Tupac’s Shakur’s (2Pac) most famous track, ‘Changes’, was part of a Greatest Hits collection released by Interscope Records in 1999, three years following his death in 1996. The track voices the lack of systemic changes to enhance the living condition of black individuals in America. A lack of change has significantly impacted black communities through poverty, the drug crisis, and mass incarceration.

The song begins with Tupac sharing his dark thoughts of the black reality.

I see no changes, wake up in the morning and I ask myself
Is life worth livin’? Should I blast myself?

I’m tired of bein’ poor and, even worse, I’m black
My stomach hurts so I’m lookin’ for a purse to snatch’.

Tupac voices his suicidal thoughts that result from his condition of poverty. Seeking death as a more manageable escape from life illustrates the dire nature of black ghetto. With the lack of job opportunities and adequate education in many ghettos across the US, crime is seen as one of the only viable options to ensure that one can support themselves and their families. Desperate families that are in dire need, earning far below subsistence incomes, children were often given drugs to sell. Tupac mentions that even though it is morally wrong for children to engage in such an activity, it provides some escape from the degraded American welfare system.

‘Give the crack to the kids, who the hell cares?
One less hungry mouth on the welfare’

Tupac illustrates the role of the US institutions in fuelling the drug crisis in black communities throughout the US. Drawing upon the CIA involvement of cocaine trafficking during the 1980s, Tupac mentions;

First ship ’em dope and let ’em deal to brothers
Give ’em guns, step back, watch ’em kill each other

An investigation in 1986 revealed that the CIA was involved in the smuggling of Cocaine into the United States in order to back the right-wing rebel group in Nicaragua, named the Contras. This rebel group conflicted with the party in power, the socialist Sandinista Junta. In cooperation with the CIA, the operation was spearheaded by a prominent drug ring in San Francisco that sought to remove ‘communists out of [their] country (of Nicaragua)’. In 1996, San Jose Mercury News published a series, revealing that alongside funding a CIA-backed Latin American guerrilla force, the San Francisco drug ring dealt drugs to the Bloods and Crips gangs in Los Angeles.

Here, the drug crisis, in addition to presence of gang operations, stunts the opportunity for social, political and economic growth within American ghettos. Tupac illustrates that in order to overcome the products of systemic racism and institutionalisation, we must unite to make ‘changes’.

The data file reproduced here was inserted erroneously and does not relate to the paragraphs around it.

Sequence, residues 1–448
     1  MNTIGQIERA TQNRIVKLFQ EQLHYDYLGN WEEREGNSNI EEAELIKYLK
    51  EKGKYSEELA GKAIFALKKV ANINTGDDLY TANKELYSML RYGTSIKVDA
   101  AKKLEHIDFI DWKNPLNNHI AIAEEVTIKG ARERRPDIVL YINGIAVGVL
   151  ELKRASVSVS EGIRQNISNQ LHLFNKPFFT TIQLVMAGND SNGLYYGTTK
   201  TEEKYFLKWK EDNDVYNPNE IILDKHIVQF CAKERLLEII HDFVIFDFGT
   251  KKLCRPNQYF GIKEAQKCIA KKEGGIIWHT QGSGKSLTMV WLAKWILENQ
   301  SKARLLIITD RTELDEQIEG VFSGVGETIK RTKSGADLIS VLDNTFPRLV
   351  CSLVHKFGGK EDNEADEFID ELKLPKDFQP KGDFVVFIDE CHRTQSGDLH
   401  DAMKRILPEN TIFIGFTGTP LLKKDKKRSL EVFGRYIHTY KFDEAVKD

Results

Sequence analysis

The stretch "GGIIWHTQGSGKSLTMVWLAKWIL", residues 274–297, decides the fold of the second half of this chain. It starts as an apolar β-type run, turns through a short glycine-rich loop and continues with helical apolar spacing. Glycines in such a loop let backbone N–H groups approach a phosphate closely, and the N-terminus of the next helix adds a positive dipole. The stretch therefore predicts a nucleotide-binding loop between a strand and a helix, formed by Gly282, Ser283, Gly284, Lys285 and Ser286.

I got love for my brother
But we can never go nowhere unless we share with each other
We gotta start makin’ changes
Learn to see me as a brother instead of two distant strangers

Tupac illustrates how the US carefully structures operations to achieve certain objectives.

Instead of war on poverty
They got a war on drugs so the police can bother me

In justification for sustaining the condition of black Americans, the war on drugs saw a dramatic rise in arrests for drug possession, as black individuals are ‘four times as likely to be arrested for Marijuana charges’ than white individuals. Black individuals are also ‘six times more likely to be incarcerated for drug-related offences’ in comparison to white individuals. Perpetuating the war on drugs sustains police engagement in the black community, that in turn works to suppress the potential for any sustainable ‘changes’ to be made.

Tupac’s ‘Changes’ is a critical examination of the black condition in America. As one of the most influential rap songs of all time, the record embodies the black protest through the spoken word. Speaking through music, many of the track’s deeper references are overlooked. ‘Changes’ is a critical example of a black social movement through music, echoing the same narrative of oppression and subjogation that exists today.

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